Dahlias and Gladiolus can also be planted in pots – just make sure you use pots that are deep enough. I have used antique sap buckets for planting, and in these photos, you will notice the gorgeous blooms of the Dahlias and Caladium, but no Gladiolus. That’s because my sap buckets just weren’t large enough and my Gladiolus never bloomed. Now, I know for next year to try a deeper pot.
Shade-loving Begonias are also a favorite for container gardening, especially when planted in hanging pots. Once blooming, they instantly give off a romantic, cottage garden look. These long-lasting blooms are perfect for adding color and fragrance to shaded areas, like porches or patios.
Canna Lilies and Calla Lilies lend themselves to container gardening, and are perfect for creating an elegant tropical oasis on a balcony, stoop, or patio. Also, if you love cut Calla Lilies (and who doesn’t) you could create a cut flower container garden!
We have a variety of summer-blooming bulbs, including Nerine Lilies, Ranunculus, Rain Lilies and more that thrive in containers. Many of these varieties are also low growing, meaning they can be planted in smaller pots and window boxes, creating a conversation-starter at the entrance of your home.
And, of course, you can always plant smaller perennials in containers. Varieties like Lavender, Coral Bells, Sedum and more thrive in larger containers with well-draining soil.
5 Tips For Growing A Healthy, Vibrant Container Garden
- Consider your planter design: we always recommend planting in 3's, as this provides balance. Texture, color, foliage, and plant height are all important! How you design is up to you - combine similar colors in greens and whites for a simple look, or high contrast colors such as red, bronze, and orange for a bold look.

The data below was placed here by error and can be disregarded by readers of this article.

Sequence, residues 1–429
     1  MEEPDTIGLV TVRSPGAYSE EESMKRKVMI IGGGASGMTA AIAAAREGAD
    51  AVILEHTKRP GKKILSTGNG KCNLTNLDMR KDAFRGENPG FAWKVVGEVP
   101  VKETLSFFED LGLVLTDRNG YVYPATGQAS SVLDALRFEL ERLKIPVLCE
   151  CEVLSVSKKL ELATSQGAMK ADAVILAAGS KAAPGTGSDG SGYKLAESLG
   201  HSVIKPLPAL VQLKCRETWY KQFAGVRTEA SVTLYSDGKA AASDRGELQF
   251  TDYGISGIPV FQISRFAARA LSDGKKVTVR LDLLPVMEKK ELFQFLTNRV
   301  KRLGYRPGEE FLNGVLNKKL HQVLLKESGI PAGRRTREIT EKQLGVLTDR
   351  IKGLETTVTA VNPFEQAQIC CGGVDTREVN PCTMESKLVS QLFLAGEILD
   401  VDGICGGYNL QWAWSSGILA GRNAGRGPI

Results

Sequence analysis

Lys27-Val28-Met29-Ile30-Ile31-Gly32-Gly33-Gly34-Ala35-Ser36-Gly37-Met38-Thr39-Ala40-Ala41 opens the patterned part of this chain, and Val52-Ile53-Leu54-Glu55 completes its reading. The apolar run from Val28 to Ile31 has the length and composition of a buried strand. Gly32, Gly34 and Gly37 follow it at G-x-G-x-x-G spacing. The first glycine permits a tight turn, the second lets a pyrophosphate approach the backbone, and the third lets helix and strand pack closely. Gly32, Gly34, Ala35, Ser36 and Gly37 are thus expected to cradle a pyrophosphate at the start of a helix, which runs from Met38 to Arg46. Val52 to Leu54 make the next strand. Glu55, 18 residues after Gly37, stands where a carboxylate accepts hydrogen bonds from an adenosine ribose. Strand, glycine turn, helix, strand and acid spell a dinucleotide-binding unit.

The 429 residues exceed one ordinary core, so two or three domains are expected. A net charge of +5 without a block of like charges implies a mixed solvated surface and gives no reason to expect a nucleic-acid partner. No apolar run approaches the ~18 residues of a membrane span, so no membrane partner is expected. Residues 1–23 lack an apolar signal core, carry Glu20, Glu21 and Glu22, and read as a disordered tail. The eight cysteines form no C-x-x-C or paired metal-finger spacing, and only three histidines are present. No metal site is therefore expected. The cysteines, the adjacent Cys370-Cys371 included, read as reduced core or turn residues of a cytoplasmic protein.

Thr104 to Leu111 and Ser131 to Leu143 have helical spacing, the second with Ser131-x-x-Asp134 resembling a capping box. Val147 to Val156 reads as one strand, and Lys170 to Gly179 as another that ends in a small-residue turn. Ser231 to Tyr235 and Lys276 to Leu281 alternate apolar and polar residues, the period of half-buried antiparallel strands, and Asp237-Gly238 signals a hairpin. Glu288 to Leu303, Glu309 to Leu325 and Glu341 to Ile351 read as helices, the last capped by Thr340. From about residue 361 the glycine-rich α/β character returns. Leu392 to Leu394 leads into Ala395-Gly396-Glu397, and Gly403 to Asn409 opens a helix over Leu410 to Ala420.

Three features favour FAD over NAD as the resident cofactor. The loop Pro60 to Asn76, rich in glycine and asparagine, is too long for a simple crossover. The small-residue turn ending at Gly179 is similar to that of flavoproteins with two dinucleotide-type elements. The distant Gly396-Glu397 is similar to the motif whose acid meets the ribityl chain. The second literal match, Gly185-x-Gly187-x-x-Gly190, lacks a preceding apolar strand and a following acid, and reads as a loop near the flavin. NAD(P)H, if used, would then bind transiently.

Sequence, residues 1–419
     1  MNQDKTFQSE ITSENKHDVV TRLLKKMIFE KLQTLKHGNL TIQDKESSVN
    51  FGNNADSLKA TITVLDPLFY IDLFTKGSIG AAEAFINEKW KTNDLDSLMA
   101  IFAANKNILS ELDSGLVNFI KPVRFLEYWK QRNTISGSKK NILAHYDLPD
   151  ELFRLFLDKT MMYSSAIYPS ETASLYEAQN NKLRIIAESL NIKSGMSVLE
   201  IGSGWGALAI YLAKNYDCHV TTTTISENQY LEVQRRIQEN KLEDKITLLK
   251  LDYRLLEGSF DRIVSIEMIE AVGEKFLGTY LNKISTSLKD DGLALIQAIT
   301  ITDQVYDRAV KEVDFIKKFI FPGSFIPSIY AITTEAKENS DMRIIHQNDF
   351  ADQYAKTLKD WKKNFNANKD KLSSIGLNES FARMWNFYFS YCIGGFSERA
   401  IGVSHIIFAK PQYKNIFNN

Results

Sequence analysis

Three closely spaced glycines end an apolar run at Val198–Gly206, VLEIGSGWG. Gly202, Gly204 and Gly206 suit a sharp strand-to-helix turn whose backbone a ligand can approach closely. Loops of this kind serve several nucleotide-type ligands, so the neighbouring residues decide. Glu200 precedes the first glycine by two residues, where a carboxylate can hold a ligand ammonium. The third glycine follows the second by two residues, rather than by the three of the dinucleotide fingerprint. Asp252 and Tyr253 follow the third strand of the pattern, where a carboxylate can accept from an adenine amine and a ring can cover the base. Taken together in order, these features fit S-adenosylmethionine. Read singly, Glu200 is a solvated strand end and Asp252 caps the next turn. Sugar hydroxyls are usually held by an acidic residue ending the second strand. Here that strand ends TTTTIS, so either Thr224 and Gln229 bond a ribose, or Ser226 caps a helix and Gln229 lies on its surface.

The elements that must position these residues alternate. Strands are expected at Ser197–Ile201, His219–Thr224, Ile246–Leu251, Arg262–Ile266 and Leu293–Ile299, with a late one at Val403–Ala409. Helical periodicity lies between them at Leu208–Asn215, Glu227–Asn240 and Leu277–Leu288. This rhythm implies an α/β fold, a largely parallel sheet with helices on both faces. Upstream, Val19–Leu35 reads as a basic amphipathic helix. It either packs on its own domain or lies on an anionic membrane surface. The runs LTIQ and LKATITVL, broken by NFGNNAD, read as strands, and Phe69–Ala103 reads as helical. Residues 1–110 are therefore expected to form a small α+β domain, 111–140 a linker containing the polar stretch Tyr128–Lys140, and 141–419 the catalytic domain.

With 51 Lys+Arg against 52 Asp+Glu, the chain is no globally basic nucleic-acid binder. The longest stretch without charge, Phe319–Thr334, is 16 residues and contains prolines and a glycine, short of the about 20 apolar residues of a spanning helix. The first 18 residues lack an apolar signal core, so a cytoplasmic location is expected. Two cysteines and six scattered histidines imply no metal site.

- Be sure to choose a container that's an appropriate size for your plant, or vice versa: plants that are appopriately sized for the container. Choosing container-happy perennials and bulbs is an important first step - these varieties are generally more compact or have smaller root systems.
- Make sure the plants you combine have similar needs for light, water, and soil conditions. For example, Lavender that prefers well-draining poor soil will not work well with a plant that needs lots of water and rich soil.
- Use the right soil for your plants. Generally, a potting soil mix designed for your plants will be most appropriate for the right balance of soil nutrients and drainage. When reusing containers year after year, it's important to restore the nutrients in your soil. Learn More: How To Recharge Soil in Containers to Keep This Year's Plantings Healthy
- Container gardens generally dry out more quickly than plants in the ground. Sometimes, this can be advantageous - for example, if you want to grow plants that need well-drained soil or shade, but your garden has rich soil or full sun, you can use containers to create the proper conditions for your plants. However, do make sure to check the moisture levels often.